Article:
my new place!!! <3
my new place!!! <3

But I found a delightful little spot in kinda-far-from-everything Durham (and sadly twenty minute drive from boyfriend)….the kind of place straight out of “The Notebook.” Kids get off the bus and run home, everyone waves at you from the car, wraparound decks, sweet tea and porch swings, and fireflies at night (for which I have specially purchased the ubiquitous mason jar, all the better to collect you with!).

My roommates are a 29 year old female nurse who seems bright and friendly, and an older man of indiscriminate age; a lawyer slash actor (my Gma said “isn’t that the same thing?”) who won me over with his enthusiasm for Shakespeare and composting.

My other two roommates are cats. Here is a video demonstrating Me and my ineptitude with the cats.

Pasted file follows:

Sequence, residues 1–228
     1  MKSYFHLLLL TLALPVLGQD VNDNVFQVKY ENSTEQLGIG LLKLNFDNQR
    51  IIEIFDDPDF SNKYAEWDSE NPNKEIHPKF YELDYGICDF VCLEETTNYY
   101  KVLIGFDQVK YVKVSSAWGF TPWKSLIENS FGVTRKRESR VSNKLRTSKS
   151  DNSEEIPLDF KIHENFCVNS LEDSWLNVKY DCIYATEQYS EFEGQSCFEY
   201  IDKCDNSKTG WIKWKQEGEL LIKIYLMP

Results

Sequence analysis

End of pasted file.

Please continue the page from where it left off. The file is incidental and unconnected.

I believe the Lord sent me to this house to prove to me that I don’t like cats. There’s your wet food, the scratching at my window screens at night to let you in, the sneaking up on me with your silent paws. There’s the hair I find in the coffee grounds in the AM or in my wine at night. There’s worrying about you at night when you don’t come home, wondering what you’re thinking, and why you only want to be petted while I’m peeing.

These are fun to get.
These are fun to get.